Aleteia logoAleteia logo
Aleteia
Wednesday 28 July |
Saint of the Day: Bl. Stanley Rother
home iconNews
line break icon

The Colosseum’s “nosebleed seats” are now open to the public

COLOSSEUM,ROME

Shutterstock

Zelda Caldwell - published on 10/03/17 - updated on 10/04/17

The best views of Rome were to be had by the poorest of the poor.

Starting on November 1, for the first time in decades, visitors to Rome will be able to climb to the highest level of the Colosseum and take in the same view the lowliest Romans enjoyed.

Of the 50,000 people who would attend the gladiatorial contests, mock sea battles and executions held at the Colosseum, the poorest among them, the “plebeian” class, were consigned to the highest tier of seats, similar to our “nosebleed seats.”

Built by Emperor Vespasian in 70 BC, the Colosseum is the largest amphitheater in the world, and is considered among the finest examples of ancient Roman architecture. As the Telegraph reports, the emperor and his senators sat in the first level, and the second was reserved for imperial functionaries. The middle class sat in the third, while the fourth was for traders, merchants and shopkeepers.

The highest, fifth tier, was for the “plebs” who sat on wooden benches, instead of the marble ones found on the lower levels.

In 2015, during restoration work at the Colosseum, archaeologists discovered traces of red painted numerals on the arches of the amphitheater, indicating a ticketing system similar to those found in modern arenas.

“Only four arches were marked with numbers, since the Emperors and authorities enjoyed the privilege of entering the arches placed on the inner ring of the amphitheater. Those placed on the outer ring were reserved for normal people,” Rossella Rea, the director of the Colosseum told International Business Times.

The IBTimes reported:

“The Roman numerals measure 34 cm tall and 2 cm wide, and the engraved numbers say XXXVIIII – XLII, which means 39-42. The red numbers would have been visible to crowds coming to the building from a great distance away.”

As for the view from the top level, at 171 feet, visitors can take in the Roman Forum, Palatine Hill, and all of Rome.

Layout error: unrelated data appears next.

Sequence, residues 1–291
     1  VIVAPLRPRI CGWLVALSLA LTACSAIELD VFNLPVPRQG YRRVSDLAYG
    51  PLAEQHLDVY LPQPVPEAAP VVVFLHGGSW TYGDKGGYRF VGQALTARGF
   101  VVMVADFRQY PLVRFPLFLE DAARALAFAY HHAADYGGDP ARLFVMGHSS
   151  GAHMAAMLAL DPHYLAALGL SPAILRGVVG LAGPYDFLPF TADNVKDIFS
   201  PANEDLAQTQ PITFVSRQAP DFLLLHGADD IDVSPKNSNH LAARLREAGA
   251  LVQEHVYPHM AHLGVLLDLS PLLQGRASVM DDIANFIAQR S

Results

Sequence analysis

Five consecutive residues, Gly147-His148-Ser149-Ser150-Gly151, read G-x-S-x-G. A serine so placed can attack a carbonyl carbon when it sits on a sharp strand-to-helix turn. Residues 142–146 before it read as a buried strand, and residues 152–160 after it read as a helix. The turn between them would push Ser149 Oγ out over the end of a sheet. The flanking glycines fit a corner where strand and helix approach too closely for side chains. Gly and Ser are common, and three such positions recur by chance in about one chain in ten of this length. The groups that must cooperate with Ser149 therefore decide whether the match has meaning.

Read more:
Take a virtual tour of ancient Rome




Read more:
The hidden history of Rome’s Colosseum, revealed

Tags:
Archaeology
Support Aleteia!

If you’re reading this article, it’s thanks to the generosity of people like you, who have made Aleteia possible.

Here are some numbers:

  • 20 million users around the world read Aleteia.org every month
  • Aleteia is published every day in seven languages: English, French, Italian, Spanish, Portuguese, Polish, and Slovenian
  • Each month, readers view more than 50 million pages
  • Nearly 4 million people follow Aleteia on social media
  • Each month, we publish 2,450 articles and around 40 videos
  • We have 60 full time staff and approximately 400 collaborators (writers, translators, photographers, etc.)

As you can imagine, these numbers represent a lot of work. We need you.

Support Aleteia with as little as $1. It only takes a minute. Thank you!

Daily prayer
And today we celebrate...




Top 10
1
morning
Philip Kosloski
This morning prayer is easy to memorize
2
ORGAN
J-P Mauro
Reconstructing a 12th-century pipe organ discovered in the Holy L...
3
Joachim and Anne
Philip Kosloski
Did Jesus know his grandparents?
4
Daniel Esparza
5 Curious things you might not know about Catholicism
5
Zelda Caldwell
World-record winning gymnast Simone Biles leans on her Catholic f...
6
SAINT ANTHONY OF PADUA
Philip Kosloski
This prayer to St. Anthony is said to have “never been know...
7
BABCIA Z WNUKAMI
Cerith Gardiner
5 Ways grandparents impact our lives for the better
See More
Newsletter
Get Aleteia delivered to your inbox. Subscribe here.